Since 2000, there has been a strong connection between the interest rates set by the Bank of England and the mortgage rate you pay.
From 2000 to 2007 when the credit crunch hit, interest rates varied from 3.5% to 6% and mortgage rates (standard) varied, on average, from 5% to 7%.
Mortgage rates vary according to the ‘deal’ with your lender
In 2007 the interest rate dropped to a historical low of 0.5% and for those on a mortgage which tracked the base rate, this was potentially good news. For me, it meant on one of our properties we maintained the payments we had previously paid and, thanks to the rate drop, have halved the time we pay of our mortgage.
For others that were ‘locked in’ to a fixed rate when the rates dropped, you might not of been able to initially take advantage of the drop and for those that were on the ‘standard variable rate’ that lenders charge, their rates fell, but not as much as those on trackers.
Affording a mortgage for the long term
However, mortgage rates are currently pretty good compared to previous years. I normally make sure I can afford mortgages at 5-7%, because although rates may not return to the level they were before the credit crunch, this seems to be a ‘prudent’ rate to keep in mind.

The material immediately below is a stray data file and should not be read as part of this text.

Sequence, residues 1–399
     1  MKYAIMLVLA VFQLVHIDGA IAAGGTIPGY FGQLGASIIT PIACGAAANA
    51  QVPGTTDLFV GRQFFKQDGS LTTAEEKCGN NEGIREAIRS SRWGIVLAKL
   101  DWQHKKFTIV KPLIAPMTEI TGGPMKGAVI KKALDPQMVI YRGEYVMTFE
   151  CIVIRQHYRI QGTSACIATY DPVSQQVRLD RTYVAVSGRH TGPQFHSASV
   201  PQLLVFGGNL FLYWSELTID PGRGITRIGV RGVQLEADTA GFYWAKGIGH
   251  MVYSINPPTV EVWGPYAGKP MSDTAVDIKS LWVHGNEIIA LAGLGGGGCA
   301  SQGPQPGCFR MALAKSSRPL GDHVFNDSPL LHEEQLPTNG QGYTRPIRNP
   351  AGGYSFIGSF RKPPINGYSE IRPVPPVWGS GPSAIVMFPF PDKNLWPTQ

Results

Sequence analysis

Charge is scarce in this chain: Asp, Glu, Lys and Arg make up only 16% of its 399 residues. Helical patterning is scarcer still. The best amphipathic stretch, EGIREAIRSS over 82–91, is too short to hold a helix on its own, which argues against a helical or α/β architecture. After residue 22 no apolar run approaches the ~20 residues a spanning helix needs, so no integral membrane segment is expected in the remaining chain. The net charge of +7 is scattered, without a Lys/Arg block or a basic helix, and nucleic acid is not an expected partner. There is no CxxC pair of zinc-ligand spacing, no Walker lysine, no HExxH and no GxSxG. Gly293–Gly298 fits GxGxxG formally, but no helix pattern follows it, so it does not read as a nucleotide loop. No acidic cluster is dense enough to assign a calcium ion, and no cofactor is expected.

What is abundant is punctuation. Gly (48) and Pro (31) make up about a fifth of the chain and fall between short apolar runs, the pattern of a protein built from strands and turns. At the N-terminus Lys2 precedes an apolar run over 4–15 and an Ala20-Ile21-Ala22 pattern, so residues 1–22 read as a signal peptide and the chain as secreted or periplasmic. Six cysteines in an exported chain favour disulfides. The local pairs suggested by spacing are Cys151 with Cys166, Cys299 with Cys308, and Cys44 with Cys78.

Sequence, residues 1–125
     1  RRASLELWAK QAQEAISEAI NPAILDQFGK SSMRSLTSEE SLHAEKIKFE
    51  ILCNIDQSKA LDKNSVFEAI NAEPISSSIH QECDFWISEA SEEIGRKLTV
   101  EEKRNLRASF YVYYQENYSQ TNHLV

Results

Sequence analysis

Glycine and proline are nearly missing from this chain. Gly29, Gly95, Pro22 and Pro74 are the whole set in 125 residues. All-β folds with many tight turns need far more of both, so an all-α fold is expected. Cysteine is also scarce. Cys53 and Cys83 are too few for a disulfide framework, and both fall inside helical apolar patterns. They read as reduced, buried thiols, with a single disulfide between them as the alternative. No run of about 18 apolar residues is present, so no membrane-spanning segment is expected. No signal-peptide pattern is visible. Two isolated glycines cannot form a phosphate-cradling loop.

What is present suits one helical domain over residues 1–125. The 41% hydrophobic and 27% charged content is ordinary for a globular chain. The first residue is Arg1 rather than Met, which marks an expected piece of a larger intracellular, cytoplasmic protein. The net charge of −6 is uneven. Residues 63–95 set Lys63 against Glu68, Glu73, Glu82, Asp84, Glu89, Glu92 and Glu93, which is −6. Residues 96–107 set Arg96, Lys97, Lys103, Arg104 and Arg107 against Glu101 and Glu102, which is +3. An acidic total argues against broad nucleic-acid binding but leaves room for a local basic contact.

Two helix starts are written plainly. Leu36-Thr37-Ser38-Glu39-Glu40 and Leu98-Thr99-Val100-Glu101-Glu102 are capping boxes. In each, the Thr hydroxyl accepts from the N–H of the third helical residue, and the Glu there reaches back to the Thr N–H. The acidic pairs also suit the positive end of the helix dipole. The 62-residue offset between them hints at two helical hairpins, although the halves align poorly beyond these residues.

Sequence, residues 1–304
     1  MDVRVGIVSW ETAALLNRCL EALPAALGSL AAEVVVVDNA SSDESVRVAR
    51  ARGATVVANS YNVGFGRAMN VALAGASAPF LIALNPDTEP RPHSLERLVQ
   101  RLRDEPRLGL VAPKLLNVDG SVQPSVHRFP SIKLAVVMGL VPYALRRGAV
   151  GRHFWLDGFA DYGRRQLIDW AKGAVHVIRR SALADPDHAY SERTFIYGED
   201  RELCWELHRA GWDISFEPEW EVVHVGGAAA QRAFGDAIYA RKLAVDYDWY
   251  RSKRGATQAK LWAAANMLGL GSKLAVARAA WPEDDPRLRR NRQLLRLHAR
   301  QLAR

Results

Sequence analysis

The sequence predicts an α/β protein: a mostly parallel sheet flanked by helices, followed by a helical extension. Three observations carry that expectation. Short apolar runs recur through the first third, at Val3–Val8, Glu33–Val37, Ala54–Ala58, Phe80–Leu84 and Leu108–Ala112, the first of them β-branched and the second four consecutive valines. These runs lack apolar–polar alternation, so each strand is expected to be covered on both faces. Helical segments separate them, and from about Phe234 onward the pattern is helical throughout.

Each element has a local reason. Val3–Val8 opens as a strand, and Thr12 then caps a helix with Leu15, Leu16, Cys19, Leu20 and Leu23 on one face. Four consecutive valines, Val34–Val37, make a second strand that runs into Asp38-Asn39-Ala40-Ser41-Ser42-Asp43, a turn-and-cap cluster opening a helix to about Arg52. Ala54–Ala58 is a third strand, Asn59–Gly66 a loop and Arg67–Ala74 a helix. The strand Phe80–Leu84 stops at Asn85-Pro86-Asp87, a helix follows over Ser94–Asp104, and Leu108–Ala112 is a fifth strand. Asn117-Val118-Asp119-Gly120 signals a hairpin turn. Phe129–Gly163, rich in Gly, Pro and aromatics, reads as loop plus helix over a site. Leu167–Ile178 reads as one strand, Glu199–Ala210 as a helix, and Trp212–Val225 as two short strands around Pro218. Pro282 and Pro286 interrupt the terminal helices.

With talk of interest rates rising, what’s happening to mortgage rates?
Talking to Andrew Montlake of Coreco brokers:- “It has been interesting to see that despite all the talk of rate rises, 2 year fixes have stayed pretty close to 2% and 5 year fixes are still just over the 3% level.”
Other rates are, according to Moneywise Magazine:
What’s the current ‘predictions’ on mortgage rates
To predict the mortgage rates, it’s worth looking to the interest rates as to what happens there.
Some pundits think interest rates will go up in as early as the Autumn this year, others think it will be May in 2015 – after the election.
Whichever it is, the important thing is to know it’s likely to go up in 0.25% increments. What it will go up to is a bit of an unknown at the moment. Some have suggested interest rates might settle at around 3%, while others are being more cautious and working on interest rates going back to the 5% level we saw before the credit crunch.
What action should you be taking?
With regards to mortgages, whether you are a first time buyer or a buy to let investor, it will be one of your major outgoings. So make sure you constantly review whether you are on the right mortgage – for your circumstances.
For more help on mortgages, visit Coreco’s checklist on Financing a buy to let and if you have any mortgage queries, contact Coreco.